Report suggests Teamsters to ask YRCW for further wage concessions
September 10, 2010
The International Brotherhood of Teamsters intends to ask the roughly 23,000 Teamster members of less-than-truckload transportation services provider YRC Worldwide (YRCW) to approve additional wage concessions, according to a report from the website of Teamsters for a Democratic Union.
YRCW officials declined to offer up comments to LM in an e-mail.
The report indicated that the concessions are valued at $350 million per year and would run until March 2015, adding that YRCW’s current pension concession, which is set to expire at the end of this year, is about $350 million per year.
In 2009, YRCW Teamsters took a 15 percent wage concession for a 15 percent ownership stake in the company, as well as an 18-month pension contribution freeze and a reduction in health and welfare contributions. YRCW executives said at the time this deal was inked that these measures would save the company $45 million per month through the end of 2009 and increase to roughly $50 million per month in 2010. And the 15 percent wage concession in the current contract expires in 2013, according to the TDU.
The TDU report also said that the Teamsters is calling on YRCW to not renew the contract of president and CEO Bill Zollars, as well as additional equity-for-debt deals (of which there have been roughly 20 conducted) to be negotiated with YRCW’s lenders so that banks would own more stock in exchange for reducing YRCW’s high debt load.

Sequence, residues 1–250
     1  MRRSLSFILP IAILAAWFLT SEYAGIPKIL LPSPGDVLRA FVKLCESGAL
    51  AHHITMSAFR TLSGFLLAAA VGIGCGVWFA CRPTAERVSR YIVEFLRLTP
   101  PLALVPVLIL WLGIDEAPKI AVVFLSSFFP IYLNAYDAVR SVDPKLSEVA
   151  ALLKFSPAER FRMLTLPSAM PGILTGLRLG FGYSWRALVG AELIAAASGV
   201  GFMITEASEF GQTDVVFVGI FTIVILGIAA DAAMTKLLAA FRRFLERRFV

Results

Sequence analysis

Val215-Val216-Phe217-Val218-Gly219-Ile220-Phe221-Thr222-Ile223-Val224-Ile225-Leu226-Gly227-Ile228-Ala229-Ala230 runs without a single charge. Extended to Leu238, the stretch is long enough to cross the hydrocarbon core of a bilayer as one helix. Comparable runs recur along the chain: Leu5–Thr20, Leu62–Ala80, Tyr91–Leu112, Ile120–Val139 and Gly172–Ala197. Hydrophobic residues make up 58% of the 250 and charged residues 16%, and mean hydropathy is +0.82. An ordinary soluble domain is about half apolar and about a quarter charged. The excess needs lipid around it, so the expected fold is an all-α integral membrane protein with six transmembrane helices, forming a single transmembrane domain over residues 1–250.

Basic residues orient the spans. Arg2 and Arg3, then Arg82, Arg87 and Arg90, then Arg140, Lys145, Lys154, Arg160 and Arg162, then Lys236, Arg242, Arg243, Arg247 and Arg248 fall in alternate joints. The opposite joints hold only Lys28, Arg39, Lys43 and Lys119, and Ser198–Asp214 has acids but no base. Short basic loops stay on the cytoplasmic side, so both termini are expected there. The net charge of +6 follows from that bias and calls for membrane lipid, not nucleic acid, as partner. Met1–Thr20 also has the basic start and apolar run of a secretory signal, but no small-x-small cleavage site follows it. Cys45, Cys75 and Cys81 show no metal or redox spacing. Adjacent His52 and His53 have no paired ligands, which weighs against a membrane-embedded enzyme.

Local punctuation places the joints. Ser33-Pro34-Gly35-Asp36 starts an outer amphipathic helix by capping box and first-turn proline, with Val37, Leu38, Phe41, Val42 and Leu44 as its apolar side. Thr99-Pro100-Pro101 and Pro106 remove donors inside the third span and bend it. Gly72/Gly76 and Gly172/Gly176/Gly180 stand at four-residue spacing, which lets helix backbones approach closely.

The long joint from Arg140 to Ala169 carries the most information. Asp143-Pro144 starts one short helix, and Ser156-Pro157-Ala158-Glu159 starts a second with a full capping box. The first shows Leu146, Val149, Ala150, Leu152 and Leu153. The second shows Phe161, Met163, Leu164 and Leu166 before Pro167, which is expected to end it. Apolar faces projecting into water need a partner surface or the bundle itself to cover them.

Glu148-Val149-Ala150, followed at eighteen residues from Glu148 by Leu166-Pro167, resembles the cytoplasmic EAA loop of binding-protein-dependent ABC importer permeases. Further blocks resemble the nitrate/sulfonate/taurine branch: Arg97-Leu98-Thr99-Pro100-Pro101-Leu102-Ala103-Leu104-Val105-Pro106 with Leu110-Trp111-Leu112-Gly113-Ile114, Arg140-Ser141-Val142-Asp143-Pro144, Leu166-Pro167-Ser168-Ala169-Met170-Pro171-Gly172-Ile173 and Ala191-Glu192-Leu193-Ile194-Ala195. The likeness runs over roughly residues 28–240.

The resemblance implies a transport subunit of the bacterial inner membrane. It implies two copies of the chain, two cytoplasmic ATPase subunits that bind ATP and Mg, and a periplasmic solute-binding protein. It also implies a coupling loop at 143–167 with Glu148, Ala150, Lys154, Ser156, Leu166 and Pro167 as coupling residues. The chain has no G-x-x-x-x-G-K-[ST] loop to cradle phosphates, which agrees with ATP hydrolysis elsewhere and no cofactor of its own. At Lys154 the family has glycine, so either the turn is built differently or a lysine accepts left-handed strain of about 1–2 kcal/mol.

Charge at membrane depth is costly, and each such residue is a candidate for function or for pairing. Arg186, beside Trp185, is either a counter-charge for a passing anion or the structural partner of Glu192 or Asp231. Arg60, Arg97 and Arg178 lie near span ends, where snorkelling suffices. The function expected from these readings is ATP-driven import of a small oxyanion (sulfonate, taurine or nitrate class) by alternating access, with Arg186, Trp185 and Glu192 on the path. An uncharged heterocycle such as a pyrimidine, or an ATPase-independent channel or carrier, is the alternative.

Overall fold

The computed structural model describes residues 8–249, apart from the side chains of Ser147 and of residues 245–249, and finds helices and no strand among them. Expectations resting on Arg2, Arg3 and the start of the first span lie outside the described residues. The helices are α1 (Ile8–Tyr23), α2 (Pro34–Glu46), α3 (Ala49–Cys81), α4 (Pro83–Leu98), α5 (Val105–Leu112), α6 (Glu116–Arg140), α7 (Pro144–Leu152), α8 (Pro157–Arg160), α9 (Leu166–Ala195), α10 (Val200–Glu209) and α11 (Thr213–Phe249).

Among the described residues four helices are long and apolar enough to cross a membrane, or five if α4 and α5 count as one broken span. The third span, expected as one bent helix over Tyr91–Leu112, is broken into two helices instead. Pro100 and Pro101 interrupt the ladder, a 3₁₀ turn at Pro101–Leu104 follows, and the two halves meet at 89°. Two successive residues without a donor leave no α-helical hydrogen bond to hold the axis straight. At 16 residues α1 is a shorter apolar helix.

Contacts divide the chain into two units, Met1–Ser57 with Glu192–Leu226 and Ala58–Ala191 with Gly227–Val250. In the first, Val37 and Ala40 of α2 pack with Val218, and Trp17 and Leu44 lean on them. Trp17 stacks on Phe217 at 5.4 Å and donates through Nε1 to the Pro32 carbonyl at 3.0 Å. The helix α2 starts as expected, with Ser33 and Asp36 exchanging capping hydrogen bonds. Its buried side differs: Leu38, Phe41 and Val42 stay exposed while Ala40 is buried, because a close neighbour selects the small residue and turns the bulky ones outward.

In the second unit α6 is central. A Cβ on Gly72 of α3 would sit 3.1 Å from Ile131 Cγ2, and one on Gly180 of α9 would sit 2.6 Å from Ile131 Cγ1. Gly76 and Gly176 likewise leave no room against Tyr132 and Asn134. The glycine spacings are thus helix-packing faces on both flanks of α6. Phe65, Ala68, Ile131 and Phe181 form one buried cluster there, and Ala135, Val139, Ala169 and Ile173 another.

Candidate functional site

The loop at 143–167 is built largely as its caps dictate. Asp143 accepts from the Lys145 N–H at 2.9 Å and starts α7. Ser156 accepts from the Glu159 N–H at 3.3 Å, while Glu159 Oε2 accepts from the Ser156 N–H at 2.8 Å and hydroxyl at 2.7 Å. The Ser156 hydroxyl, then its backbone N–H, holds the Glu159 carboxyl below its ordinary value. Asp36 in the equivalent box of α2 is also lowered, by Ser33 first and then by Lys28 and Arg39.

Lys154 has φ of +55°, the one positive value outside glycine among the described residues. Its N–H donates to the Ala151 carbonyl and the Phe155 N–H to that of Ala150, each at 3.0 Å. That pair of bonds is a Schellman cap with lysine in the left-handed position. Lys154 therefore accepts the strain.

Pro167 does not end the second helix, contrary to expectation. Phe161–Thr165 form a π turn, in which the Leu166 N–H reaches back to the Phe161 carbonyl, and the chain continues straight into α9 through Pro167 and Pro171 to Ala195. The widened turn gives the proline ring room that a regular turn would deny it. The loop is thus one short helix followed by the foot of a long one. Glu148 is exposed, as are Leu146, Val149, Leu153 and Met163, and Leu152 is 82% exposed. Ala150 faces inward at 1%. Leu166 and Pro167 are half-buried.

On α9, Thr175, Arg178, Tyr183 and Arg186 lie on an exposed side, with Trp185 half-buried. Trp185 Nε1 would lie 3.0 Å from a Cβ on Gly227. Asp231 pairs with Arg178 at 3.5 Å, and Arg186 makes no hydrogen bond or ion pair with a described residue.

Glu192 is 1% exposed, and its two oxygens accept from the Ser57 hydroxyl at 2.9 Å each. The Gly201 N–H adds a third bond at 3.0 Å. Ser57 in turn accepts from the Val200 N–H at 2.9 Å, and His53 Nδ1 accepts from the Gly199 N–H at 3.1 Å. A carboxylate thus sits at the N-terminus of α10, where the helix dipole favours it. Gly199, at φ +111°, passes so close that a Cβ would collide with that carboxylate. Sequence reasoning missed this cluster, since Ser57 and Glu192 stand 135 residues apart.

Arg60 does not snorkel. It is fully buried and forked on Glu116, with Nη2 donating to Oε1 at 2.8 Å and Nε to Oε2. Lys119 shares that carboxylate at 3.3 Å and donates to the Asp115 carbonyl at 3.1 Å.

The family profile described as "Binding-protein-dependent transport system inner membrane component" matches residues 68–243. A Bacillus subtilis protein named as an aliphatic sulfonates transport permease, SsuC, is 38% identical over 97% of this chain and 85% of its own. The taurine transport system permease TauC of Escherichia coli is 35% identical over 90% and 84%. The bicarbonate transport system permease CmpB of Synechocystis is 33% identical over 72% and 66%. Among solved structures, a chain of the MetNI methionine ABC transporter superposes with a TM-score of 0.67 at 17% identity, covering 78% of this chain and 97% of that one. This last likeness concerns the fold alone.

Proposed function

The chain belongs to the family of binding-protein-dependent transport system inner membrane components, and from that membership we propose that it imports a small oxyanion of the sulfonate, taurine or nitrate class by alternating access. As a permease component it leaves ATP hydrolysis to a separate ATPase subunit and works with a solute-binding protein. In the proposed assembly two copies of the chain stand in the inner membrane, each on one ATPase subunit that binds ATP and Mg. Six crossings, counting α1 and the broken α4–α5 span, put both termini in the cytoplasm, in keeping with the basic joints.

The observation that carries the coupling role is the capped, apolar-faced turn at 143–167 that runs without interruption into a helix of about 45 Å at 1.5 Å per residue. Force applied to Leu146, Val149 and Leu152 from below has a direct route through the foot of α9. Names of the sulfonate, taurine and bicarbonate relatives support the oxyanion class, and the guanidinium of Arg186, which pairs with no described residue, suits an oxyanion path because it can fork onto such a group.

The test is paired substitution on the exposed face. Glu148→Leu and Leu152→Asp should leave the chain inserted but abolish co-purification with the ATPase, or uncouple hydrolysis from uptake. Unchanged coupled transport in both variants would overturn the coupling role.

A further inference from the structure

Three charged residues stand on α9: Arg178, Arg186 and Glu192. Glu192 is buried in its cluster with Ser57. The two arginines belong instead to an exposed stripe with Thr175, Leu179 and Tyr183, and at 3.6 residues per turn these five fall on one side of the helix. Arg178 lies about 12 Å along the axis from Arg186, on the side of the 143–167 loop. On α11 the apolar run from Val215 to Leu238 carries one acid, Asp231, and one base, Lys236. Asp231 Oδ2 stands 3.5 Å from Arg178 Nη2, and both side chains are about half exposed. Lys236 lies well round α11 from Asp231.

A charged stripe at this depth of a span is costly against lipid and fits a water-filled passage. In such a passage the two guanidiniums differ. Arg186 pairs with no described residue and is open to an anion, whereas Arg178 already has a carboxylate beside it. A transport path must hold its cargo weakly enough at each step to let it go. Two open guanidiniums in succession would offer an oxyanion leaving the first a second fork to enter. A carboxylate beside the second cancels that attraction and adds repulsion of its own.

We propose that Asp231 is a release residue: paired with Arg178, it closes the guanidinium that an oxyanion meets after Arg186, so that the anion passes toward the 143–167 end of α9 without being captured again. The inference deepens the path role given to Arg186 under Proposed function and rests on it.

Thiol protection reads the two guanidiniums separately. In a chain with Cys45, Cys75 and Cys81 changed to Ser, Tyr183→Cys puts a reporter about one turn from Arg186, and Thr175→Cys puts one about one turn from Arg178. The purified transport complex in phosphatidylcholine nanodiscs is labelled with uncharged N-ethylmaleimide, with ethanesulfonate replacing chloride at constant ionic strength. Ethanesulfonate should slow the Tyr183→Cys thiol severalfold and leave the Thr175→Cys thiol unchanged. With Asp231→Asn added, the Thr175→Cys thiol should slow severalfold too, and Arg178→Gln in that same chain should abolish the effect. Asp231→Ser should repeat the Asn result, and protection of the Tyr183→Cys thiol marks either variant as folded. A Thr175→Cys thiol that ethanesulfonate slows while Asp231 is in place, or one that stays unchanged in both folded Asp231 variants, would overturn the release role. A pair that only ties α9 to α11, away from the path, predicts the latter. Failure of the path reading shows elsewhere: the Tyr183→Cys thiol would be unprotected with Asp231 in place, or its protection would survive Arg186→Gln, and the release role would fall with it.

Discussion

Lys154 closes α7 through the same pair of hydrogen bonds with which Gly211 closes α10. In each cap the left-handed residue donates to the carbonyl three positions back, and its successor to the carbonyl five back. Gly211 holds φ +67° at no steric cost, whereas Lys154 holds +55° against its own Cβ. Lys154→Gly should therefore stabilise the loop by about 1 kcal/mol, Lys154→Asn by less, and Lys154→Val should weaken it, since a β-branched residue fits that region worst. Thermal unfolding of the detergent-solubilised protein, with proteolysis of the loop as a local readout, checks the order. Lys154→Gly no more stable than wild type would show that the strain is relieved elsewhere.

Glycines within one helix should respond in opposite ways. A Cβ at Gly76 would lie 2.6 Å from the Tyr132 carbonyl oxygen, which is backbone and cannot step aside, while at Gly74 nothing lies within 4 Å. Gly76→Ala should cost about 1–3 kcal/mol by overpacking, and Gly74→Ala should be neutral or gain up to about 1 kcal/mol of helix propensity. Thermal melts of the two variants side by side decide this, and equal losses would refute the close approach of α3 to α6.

Stifel Nicolaus analyst David Ross wrote in a research note that getting these banks to take equity in YRCW may prove to be difficult, given YRCW’s financial condition.
YRCW’s financial condition has been closely watched by industry observers, due to the extensions leading up to the debt-for-equity exchange, as well as difficult LTL market conditions caused in large part by excess capacity, decreased fuel surcharge revenues, and pricing issues, although the LTL sector is showing some signs of improvement in the form of improved pricing and revenue gains in recent months.
In the second quarter, YRCW recorded a quarterly net loss of $9.5 million and $.01 per share, which is ahead of a net loss of $309 million and a $5.20 loss per share during the second quarter of 2009. Operational revenue at $1.12 billion was down 8.7 percent year-over-year, and total operating expenses at $1.1 billion were off by about 30 percent. Operating income for the quarter at $48.3 million was up significantly compared to a $294 million loss a year ago.
Even though these numbers were down, YRCW showed some sequential and annual gains in light of quarterly net and revenue losses.
“The [second quarter earnings] are an indication that YRCW is not losing market share anymore to competitors like they did three months ago or a year ago, which is positive,” said Satish Jindel, president of SJ Consulting. “They are also focusing on pricing rather than pushing for volume gains, and it is an important message that they needed to convey from a customer and competitor point of view as a price war hurts everyone and prevents investment into the business for YRCW.”
Going forward, if YRCW can maintain current levels in the second quarter and work successfully with the Teamsters on getting its pension payments pushed out, the company could potentially be on solid footing for the next several months, according to Jindel.
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